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Scroll Saw Joinery

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Making the table saw jigs

You will need a table saw jig, to make hinges, cut box sides, cut slots in box sides for the box bottom, and to cut the 45 degree beveled box corners. My table saw jig is 20" x 24", but, if you have a smaller table saw you will need to adjust the measurements to your saw.

 

 

Table Saw Shooting Board

Step 1: Lower your table saw blade below the table saw top. Place the two bottom rails in the miter slots. Make sure that they slide freely in the slots and have no side-to-side play. Also,the rail should stick up an 1⁄8" above the surface of the table saw top.

Step 2: Center the plywood base on the rails. With a pencil mark both rail ends with a line thru the plywood base. Put a thin layer of glue on both rails, we don’t want much glue squeezed out on the rails. Place the plywood base on the rails using your pencil lines to line up the base with the rails. Allow the glue to set for four hours.

Step 3: Apply glue to one edge of each of the 11⁄2" x 31⁄2" front and back grips. Without disturbing the plywood base, place the grips, glued side down on the front and back of the plywood base. Let the glue dry overnight.

Step 4: Remove the table saw jig, raise the saw blade to it’s highest position at 90° turn the table saw on. Place the table saw jig rails in the miter slots at the front of the table saw. Slowly slide the jig toward the back of the saw until the blade kerf cut is about 1" from the front grip of the jig. Turn off the table saw. Use a square to mark a pencil line 90° from the saw kerf, about 2” from the front grip for the length of the jig. Glue the 3⁄4" x 3⁄4" x 24” work piece support onto the pencil line. Let the glue dry for four hours before using.

Table Saw 90° Jig

Step 1: On your table saw jig place a single sheet of newspaper to the right of the saw kerf. Place one 3⁄4" x 3⁄4" x 10" piece of oak on the work piece support and one 3⁄4" x 3⁄4" x 10" piece of oak on the saw blade kerf cut to form a 90-degree angle.

Step 2: Glue and place two pieces of 3⁄4" x 4" x 8" plywood (leftover from building table saw jig), inside the 90-degree angle formed by the oak pieces.

Step 3: Form another 90-degree angle on top of the plywood surface using two 3⁄4" x 3⁄4" x 8" pieces of oak.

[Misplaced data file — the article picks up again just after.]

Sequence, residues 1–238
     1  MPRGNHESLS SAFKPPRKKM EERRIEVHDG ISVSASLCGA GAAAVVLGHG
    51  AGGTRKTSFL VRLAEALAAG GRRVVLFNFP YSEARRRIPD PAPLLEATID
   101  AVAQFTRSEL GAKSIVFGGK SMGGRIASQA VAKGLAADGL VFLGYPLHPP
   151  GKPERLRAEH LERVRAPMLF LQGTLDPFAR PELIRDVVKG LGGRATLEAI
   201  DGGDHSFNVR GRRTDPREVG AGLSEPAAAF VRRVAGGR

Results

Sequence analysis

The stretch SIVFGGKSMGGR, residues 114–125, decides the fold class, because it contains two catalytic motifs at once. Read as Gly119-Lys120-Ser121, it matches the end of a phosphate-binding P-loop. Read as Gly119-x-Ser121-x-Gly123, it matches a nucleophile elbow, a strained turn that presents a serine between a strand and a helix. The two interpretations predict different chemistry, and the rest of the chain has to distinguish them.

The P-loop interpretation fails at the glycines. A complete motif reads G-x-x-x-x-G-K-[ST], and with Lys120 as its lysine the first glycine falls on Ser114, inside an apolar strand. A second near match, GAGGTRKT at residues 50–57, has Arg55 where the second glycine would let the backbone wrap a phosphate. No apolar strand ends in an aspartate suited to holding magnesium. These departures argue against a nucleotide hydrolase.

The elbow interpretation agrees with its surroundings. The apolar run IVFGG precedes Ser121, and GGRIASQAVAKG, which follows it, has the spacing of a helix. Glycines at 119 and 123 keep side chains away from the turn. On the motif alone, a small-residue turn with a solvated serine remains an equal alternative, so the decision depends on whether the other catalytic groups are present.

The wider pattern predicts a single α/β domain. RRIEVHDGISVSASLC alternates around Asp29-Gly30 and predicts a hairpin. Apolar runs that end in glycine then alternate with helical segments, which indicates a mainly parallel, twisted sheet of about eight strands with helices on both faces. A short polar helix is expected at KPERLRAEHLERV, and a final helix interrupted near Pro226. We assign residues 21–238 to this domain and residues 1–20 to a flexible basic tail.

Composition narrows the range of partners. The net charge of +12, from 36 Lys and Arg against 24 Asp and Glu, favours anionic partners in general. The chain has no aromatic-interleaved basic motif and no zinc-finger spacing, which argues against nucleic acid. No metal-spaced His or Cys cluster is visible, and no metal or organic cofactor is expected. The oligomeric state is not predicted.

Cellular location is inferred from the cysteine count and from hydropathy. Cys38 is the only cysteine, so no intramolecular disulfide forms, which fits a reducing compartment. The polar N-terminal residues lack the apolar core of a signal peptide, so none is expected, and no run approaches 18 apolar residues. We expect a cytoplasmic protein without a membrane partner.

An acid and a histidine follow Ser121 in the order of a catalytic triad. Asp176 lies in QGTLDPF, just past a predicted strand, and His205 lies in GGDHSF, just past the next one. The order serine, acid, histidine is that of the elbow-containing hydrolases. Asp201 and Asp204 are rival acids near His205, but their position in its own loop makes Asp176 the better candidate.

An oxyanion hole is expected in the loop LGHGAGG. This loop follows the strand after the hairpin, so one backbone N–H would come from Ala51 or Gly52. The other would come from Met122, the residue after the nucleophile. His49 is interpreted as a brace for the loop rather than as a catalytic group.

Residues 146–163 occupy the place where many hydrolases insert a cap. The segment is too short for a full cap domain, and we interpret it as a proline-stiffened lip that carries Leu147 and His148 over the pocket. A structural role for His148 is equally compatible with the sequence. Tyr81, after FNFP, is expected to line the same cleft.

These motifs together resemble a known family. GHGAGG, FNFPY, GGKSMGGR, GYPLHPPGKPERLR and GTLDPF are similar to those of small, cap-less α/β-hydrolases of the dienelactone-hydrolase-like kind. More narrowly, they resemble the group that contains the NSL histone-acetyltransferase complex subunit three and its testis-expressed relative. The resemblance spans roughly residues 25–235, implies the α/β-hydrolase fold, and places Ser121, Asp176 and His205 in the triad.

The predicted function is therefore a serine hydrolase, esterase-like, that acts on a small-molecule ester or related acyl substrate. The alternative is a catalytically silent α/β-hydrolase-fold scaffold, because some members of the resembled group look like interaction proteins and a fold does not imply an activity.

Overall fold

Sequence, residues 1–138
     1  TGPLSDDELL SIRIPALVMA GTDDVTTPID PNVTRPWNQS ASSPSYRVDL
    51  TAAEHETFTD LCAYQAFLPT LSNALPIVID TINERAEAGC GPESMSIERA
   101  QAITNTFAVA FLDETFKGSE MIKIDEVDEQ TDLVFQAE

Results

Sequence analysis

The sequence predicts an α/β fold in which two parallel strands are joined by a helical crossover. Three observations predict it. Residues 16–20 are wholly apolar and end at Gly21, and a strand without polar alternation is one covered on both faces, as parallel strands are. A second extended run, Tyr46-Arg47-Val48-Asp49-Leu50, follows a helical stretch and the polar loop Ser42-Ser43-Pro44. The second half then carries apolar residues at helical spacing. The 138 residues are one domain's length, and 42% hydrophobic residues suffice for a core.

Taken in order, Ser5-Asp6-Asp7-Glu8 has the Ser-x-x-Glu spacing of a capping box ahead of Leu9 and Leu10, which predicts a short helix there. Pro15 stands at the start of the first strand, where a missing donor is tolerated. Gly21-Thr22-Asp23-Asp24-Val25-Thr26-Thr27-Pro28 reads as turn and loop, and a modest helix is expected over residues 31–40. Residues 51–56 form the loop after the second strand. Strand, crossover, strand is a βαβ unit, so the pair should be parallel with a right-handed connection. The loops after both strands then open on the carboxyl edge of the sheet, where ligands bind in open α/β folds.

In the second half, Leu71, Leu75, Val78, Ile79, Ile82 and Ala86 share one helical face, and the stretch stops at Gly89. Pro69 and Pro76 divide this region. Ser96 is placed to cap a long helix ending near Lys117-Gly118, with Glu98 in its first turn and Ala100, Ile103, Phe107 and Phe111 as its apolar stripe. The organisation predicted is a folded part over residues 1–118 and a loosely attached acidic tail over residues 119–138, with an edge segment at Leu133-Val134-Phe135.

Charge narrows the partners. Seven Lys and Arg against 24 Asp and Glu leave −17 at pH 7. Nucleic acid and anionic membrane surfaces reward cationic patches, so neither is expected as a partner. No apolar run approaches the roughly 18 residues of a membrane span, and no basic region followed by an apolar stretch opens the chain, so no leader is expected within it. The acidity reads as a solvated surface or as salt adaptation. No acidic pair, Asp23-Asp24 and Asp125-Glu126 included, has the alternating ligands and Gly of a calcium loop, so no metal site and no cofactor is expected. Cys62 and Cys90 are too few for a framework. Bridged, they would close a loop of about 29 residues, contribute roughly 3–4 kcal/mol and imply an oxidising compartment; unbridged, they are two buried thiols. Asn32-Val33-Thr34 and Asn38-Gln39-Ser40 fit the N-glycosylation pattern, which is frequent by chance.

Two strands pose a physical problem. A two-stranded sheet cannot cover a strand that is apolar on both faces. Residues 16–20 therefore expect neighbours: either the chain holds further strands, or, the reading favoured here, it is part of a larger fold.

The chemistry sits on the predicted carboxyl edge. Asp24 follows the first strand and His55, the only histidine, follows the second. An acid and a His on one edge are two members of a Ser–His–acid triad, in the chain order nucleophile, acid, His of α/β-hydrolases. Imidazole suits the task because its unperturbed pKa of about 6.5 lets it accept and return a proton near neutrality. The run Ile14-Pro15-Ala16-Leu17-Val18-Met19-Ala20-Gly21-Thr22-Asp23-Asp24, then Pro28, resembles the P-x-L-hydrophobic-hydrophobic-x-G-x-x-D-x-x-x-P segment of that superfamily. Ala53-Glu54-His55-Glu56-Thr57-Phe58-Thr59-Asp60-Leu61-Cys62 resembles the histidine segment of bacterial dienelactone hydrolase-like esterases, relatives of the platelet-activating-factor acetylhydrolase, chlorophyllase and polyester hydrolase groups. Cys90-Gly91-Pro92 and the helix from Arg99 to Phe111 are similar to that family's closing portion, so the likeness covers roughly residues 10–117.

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Comments (4 posted):

mtwoodguy on 12/29/2010 09:10:25
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This seems to be a very useful jig, however the directions are very unclear. I would like more information on using it to make the joints.
JimSawyer on 12/29/2010 09:24:07
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If the name of the article is scroll saw joinery, why is it giving me instruction on table saw joinery. I live in an apartment with my shop in one large bedroom. I'm lucky the landlord lets me keep my scrollsaw. A table saw would be out of the question.
wood-n-things on 12/29/2010 10:51:34
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Making the table saw jigs You will need a table saw jig, to make hinges, cut box sides, cut slots in box sides for the box bottom, and to cut the 45 degree beveled box corners. My table saw jig is 20" x 24", but, if you have a smaller table saw you will need to adjust the measurements to your saw. I'm thinking Article Bot's gyro's are jammed. This is for table saw joinery not scroll saw joinery...
SawTooth on 03/10/2012 18:54:57
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It appears that nobody's been in this thread for a while... but I can clear up some of the confusion: The concept of scroll saw joinery as presented by MacKay is not really scroll saw joinery... it is the appearance of scroll saw joinery. The box sides are each made of 3 pieces of wood: a long center piece and 2 contrasting end pieces that join the center piece in a pattern that looks like dovetails, etc. This is where the "scroll saw joinery" is done... not at the corners as you would think. The four sides of the box are actually mitered at 45 degrees and glued like any other mitered-corner box. Cutting the parts for the box and mitering the corners is what the table saw sled is for.
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Gary MacKay
Gary MacKay is a designer and box maker who lives with his wife, Helen, in Myrtle Beach, South Carolina. He
has been designing, making, and selling boxes in craft galleries for more than 20 years.

Gary first started woodworking during his high school years when he used a jigsaw to make an end table from pine. After buying a band saw in 1985, he sold band saw boxes through consignment shops in northern Vermont. Now, he concentrates on designing and making wooden items that can be cut on a scroll saw. He is currently juried through the South Carolina Artisans Center, one of the craft galleries where his work is on display.

Gary likes to use his scrap wood to make snowflake ornaments and intarsia projects. Whenever he is not working in his woodshop, he can be found out on the golf course or in the vegetable garden. Gary is a frequent contributor to Scroll Saw Woodworking & Crafts magazine. more